Robert Kolker of New York Magazine has explained this technique and it has been called the Bible of interrogation techniques. 

1. Isolation - the suspect is isolated, usually in a tiny interrogation room and left alone for a substantial amount of time. 

2. Guilt -  Cops tell the suspect he or she is guilty, that he knows it, their family knows it, the cops know it, everyone knows it. The cop will give the suspect a theme or story about how they feel the case developed. 

3. Minimize - The officer will sympathize with the suspect. Tell the suspect they understand why they did it. They will not allow the suspect to deny the claims or maintain their innocence.  The investigator will place the blame on someone else. 

All of this to get a confession against the defendant. The investigator is putting on a show, they don't care about your situation, they are not going to make it easier on you - no matter what they say. 

In fact, while you are being interrogated, there is probably a whole pile of other investigators sitting in the room next to yours watching your interrogation and they are joking about how long it will take for you to confess. Don't fall for that trick. 

"Just Come Down to the Station to Talk"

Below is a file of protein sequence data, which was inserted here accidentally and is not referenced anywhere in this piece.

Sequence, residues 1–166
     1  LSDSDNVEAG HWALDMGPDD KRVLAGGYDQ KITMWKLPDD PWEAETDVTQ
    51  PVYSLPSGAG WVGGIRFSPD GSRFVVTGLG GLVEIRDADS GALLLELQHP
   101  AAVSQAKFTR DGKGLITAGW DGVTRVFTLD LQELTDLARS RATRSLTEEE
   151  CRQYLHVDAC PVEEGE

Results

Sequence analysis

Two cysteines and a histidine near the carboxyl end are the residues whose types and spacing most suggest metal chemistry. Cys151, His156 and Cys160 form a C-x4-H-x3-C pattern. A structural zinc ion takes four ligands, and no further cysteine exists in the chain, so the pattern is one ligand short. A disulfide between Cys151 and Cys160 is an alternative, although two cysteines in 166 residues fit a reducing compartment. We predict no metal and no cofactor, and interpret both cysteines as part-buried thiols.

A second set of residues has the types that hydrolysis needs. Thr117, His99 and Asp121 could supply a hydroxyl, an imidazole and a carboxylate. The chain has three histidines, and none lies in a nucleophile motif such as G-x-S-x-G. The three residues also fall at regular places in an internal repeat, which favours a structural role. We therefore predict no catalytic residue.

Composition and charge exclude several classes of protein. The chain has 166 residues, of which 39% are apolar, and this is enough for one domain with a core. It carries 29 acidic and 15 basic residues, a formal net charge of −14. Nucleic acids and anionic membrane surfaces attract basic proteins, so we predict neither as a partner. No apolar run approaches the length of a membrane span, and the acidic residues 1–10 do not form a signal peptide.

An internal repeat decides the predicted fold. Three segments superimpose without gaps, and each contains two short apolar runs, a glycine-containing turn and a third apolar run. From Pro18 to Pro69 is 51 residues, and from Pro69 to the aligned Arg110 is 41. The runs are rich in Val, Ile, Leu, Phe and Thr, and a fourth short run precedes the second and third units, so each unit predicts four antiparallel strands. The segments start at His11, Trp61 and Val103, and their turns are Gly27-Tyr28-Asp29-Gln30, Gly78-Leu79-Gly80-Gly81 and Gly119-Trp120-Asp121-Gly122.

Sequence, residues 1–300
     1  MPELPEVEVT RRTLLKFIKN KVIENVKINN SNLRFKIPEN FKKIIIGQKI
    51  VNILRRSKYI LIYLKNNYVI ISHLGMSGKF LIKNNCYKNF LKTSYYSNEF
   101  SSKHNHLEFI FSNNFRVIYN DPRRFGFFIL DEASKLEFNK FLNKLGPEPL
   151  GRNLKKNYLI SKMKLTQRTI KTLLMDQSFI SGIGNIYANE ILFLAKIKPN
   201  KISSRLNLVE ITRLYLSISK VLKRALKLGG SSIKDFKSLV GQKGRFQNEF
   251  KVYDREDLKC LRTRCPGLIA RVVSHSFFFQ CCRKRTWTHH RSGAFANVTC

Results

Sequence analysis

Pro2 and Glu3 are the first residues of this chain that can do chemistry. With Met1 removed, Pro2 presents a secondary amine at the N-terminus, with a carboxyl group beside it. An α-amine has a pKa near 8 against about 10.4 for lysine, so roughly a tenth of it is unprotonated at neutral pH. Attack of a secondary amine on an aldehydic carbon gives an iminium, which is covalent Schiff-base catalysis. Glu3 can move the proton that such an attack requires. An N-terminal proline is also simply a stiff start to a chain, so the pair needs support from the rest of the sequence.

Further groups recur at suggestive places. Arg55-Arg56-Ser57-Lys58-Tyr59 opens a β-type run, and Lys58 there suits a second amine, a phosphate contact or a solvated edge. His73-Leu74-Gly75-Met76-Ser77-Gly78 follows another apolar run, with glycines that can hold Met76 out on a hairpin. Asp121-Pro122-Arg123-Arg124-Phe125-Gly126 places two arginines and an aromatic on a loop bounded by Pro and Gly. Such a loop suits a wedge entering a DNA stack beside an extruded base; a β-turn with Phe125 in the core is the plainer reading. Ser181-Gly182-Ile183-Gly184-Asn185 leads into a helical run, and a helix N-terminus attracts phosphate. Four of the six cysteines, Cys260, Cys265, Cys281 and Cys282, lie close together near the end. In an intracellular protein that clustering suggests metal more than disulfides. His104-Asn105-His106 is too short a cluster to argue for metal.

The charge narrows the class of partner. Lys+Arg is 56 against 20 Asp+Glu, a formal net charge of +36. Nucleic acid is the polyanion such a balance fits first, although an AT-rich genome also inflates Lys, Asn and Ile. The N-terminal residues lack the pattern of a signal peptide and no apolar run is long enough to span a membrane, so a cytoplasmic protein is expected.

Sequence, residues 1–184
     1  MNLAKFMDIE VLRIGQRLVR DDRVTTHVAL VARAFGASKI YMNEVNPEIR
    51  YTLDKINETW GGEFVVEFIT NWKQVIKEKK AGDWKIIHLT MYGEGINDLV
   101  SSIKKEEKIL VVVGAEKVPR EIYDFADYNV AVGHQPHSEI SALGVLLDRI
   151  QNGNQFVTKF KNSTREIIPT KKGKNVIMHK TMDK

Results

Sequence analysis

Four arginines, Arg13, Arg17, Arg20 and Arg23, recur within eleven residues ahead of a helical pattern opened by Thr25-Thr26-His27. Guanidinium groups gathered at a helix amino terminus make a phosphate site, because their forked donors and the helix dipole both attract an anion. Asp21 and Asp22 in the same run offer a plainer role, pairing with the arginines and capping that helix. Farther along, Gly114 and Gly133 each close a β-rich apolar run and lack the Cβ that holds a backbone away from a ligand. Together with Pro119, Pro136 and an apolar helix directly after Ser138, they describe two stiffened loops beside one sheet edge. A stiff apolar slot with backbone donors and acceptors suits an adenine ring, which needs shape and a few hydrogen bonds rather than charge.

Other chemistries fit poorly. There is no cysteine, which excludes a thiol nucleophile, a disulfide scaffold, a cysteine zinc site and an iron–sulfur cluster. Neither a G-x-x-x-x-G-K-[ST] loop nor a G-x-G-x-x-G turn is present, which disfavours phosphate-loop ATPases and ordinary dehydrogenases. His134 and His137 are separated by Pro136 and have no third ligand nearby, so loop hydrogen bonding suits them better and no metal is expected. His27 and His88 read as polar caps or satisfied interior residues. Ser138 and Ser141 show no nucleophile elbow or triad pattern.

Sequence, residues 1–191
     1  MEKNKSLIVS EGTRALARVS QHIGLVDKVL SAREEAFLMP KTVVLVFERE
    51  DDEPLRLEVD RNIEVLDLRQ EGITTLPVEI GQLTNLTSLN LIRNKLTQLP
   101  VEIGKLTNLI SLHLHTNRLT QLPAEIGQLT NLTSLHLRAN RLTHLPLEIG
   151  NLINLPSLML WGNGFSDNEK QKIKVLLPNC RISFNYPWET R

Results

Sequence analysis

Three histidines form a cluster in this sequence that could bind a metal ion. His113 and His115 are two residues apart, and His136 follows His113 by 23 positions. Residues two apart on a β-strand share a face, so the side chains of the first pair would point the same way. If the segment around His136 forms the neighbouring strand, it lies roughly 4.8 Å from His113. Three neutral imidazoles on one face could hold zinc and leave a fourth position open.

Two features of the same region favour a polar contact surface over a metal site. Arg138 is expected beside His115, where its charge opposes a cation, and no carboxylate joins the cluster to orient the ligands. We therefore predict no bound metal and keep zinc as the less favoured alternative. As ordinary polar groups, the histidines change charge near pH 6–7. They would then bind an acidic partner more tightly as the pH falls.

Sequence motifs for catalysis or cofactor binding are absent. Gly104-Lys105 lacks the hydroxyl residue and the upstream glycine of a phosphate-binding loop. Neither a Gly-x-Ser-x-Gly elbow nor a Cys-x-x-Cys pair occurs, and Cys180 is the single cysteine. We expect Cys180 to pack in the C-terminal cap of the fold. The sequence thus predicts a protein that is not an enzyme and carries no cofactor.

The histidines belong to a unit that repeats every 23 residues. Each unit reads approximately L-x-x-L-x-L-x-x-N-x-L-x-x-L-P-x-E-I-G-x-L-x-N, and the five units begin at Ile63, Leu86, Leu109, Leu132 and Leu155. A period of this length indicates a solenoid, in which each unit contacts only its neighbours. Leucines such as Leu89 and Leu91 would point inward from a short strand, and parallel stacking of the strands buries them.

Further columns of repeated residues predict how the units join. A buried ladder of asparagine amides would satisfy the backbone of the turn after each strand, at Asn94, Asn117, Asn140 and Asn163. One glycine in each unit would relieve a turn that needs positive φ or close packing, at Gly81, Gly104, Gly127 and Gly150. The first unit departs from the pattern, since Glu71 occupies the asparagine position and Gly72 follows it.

Nine times out of ten if you go down to the station talk you won't walk back out of that station without handcuffs on. Don't go to a "meeting" with investigators because it is no meeting it is going to turn into an interrogation. You have the right to be SILENT. You don't have to say anything, you don't even have to tell them you want a lawyer you can just be silent. 

If you have information that you think could get you out of a sticky situation or that needs to be conveyed to law enforcement then you need to let your lawyer convey that information for you because if you say it will end up recorded, in a police report, and used against you at trial. 

Jail Calls

DON'T TALK ABOUT YOUR CASE ON THE JAIL PHONE. This one is huge. While you are in jail, all you have to think about is your case and when your family calls or comes to see you you want to talk about your case. You have to resist the urge to do that.